Here we are...

...a group of Baby Boomers of sundry religious,
political and cultural orientations, who have been
meeting at the Voorheesville Public Library since 1991
to read and discuss each other's poems.

We include old fathers and young grandmothers,
artists and musicians, and run-of-the-mill eccentrics.
Writers are welcome to stop in and stay if they like us.

Some of Us

Some of Us
Dennis Sullivan, Beverly Osborne, Tom Corrado, Edie Abrams, Art Willis, Alan Casline (all seated); Paul Amidon, Mike Burke, Tim Verhaegen, Mark O'Brien, Barbara Vink, Philomena Moriarty

Friday, June 29, 2007

Personally, I have to stop eating

We ate like starving third world children last night. Really. The bill at Smit's was bigger than I've ever seen it and it wasn't from the libations. That said, I will apologize for falling asleep on my couch and missing the beginning of the meeting. You, of course, carried on without me, but Alan (who was also late) and I just weasled our poems in under the time wire.

News first. Ally appeared to say goodbye for the summer as she has chosen to do water aerobics on Thursday nights instead of poetry (!). I concede it is better for her health, but we will miss her. Joyce tells me she is also taking a writing break. Burke has deserted us for the lake house. No Mimi for a couple of sessions. She will be in VA and at Pyramid Lake. Paul was missing last night and I missed the explanation if there was one. Also no Philomena. Still, a dozen of us there and some good, good poems.

Dan had questions about poems that rhyme v. those that don't and expressed his inability to write the others. We might want to spend some time talking about that subject and the subject of gerunds, which also came up. Dennis has suggested that we do an evening outside the library which is devoted to discussions of that nature. Our time is usually so short at meetings that we cannot get into other subjects of interest. We will be planning something.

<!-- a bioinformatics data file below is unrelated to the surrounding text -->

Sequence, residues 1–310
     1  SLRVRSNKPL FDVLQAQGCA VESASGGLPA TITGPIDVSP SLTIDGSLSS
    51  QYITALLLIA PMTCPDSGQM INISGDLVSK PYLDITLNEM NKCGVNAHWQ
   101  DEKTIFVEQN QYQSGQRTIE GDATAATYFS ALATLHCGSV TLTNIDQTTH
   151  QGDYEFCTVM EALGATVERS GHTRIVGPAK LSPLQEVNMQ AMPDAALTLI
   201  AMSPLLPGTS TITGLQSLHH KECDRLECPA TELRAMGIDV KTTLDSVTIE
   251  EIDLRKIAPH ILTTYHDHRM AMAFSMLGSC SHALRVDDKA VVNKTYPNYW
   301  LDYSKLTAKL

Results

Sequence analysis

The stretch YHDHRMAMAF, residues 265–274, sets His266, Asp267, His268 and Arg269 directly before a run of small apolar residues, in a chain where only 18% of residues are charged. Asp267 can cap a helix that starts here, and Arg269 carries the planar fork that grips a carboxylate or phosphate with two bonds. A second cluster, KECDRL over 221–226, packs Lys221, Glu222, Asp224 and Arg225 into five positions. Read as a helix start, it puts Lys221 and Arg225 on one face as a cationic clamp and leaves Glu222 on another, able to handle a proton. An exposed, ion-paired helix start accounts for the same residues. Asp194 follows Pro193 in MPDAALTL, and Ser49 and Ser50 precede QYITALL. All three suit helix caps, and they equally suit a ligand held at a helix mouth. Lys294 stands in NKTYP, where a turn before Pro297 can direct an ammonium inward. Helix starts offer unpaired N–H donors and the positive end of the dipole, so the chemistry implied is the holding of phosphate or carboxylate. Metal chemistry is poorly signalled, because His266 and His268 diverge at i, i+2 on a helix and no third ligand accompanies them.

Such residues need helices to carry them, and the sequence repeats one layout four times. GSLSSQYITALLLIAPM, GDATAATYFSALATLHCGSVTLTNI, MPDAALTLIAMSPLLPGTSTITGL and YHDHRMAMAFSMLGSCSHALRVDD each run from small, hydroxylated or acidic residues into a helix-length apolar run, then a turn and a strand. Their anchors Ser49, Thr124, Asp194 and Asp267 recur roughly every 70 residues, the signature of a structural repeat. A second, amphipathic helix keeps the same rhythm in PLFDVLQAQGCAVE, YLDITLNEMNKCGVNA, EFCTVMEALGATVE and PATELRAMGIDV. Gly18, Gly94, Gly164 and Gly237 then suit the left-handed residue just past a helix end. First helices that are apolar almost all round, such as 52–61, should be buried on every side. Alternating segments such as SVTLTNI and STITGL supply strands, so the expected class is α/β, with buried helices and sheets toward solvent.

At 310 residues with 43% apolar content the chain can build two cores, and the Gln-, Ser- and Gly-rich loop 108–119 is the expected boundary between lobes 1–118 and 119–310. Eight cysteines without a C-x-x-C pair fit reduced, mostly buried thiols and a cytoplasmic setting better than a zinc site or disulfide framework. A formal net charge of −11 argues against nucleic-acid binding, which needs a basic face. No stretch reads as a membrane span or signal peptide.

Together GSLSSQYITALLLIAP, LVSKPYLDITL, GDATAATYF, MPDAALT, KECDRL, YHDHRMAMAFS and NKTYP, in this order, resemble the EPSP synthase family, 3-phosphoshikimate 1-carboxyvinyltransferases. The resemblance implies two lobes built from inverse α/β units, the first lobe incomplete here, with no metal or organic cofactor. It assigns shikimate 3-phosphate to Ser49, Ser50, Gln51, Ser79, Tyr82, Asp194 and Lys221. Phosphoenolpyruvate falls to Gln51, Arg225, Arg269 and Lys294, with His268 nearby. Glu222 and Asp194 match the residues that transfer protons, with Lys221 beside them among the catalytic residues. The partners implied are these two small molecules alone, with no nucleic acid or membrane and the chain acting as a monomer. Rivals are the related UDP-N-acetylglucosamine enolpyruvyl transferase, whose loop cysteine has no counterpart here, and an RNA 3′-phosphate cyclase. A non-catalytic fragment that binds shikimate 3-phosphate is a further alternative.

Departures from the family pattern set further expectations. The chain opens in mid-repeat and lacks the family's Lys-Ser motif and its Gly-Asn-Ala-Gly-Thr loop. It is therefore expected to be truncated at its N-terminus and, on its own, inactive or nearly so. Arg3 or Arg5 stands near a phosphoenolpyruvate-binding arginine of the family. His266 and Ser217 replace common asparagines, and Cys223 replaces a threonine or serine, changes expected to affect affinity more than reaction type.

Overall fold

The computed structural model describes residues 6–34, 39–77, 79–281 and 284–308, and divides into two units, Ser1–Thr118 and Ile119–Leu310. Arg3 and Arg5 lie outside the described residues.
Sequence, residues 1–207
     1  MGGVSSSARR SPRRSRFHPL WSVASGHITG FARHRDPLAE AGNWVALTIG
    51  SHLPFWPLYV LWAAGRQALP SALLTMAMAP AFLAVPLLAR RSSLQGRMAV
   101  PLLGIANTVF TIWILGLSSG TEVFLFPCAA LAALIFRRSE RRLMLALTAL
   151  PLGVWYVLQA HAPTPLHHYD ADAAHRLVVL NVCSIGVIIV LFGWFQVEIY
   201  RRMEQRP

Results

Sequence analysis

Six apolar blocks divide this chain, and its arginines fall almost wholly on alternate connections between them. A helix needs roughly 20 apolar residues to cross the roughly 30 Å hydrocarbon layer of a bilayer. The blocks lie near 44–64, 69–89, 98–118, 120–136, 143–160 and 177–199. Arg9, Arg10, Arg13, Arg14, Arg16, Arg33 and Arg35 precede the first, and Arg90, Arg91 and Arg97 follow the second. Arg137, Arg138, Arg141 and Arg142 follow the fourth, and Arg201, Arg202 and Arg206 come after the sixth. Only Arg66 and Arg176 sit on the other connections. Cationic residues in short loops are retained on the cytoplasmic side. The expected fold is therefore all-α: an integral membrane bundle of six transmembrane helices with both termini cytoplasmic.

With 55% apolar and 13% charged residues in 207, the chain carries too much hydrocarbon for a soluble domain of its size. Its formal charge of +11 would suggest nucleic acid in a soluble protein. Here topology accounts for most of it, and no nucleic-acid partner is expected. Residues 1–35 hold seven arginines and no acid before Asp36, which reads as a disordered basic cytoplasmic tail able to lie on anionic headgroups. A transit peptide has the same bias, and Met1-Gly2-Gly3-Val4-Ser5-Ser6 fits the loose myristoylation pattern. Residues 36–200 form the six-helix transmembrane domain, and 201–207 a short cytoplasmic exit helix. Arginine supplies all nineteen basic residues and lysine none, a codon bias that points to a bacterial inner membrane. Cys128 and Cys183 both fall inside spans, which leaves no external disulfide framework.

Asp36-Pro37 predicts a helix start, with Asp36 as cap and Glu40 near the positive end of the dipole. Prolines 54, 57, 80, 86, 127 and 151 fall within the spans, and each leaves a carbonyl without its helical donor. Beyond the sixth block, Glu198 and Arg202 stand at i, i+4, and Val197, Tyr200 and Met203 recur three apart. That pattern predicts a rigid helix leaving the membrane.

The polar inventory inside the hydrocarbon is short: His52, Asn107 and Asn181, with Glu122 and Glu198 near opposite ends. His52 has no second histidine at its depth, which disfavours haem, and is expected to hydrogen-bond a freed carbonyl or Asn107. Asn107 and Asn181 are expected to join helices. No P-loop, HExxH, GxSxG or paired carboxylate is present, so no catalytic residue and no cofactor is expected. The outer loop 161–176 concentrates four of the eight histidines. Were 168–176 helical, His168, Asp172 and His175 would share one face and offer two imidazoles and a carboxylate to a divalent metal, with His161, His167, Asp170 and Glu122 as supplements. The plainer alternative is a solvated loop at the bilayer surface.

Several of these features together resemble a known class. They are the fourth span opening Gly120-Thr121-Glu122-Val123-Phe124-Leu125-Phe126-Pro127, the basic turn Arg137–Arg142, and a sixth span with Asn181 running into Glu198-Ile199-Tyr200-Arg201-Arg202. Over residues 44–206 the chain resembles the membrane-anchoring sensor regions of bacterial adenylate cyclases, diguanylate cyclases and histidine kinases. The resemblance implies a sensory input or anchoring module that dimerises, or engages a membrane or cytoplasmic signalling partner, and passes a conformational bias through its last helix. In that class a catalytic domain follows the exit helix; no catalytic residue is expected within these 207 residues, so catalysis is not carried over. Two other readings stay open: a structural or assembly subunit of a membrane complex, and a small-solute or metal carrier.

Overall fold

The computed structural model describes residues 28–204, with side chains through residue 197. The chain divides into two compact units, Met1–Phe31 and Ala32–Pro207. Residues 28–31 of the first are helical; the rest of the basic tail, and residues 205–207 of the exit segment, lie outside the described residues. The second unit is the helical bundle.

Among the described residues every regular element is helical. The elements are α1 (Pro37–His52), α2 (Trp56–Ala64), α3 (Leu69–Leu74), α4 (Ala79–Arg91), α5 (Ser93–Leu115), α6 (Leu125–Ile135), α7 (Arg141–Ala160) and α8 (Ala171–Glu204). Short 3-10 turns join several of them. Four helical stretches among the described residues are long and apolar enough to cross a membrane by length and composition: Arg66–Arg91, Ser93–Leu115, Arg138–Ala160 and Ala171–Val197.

Okay, the poems. Edie's Sanctum Sanctorum was unmistakeably hers and one of her best. Markle's new language was almost decipherable and very clever. He is making progress. Ally did a DRY LAND SAIL which was not only a great title, but a great poem about an encounter with a bicyclist with "lime green billowing".

Tom had a new technique called "leave extra words in the poem and let the audience choose". It worked admirably and we all had an opinion. It was fun. A small debate ensued about #4 pencils. Willow also prompted quite a discussion with her surprise ending on an "alien" poem which turned out to be litter of puppies. We opined that it needed a new title.

I missed the reading of Art's Targum but picked up on positive remarks about the cadence and the content. Dennis divided us all between those who had heard of Phillip Berrigan (the 60's peace priest) and those who hadn't. Our peace and justice master impressed us (me, anyway) with his personal acquaintance with the man who was an object of my admiration.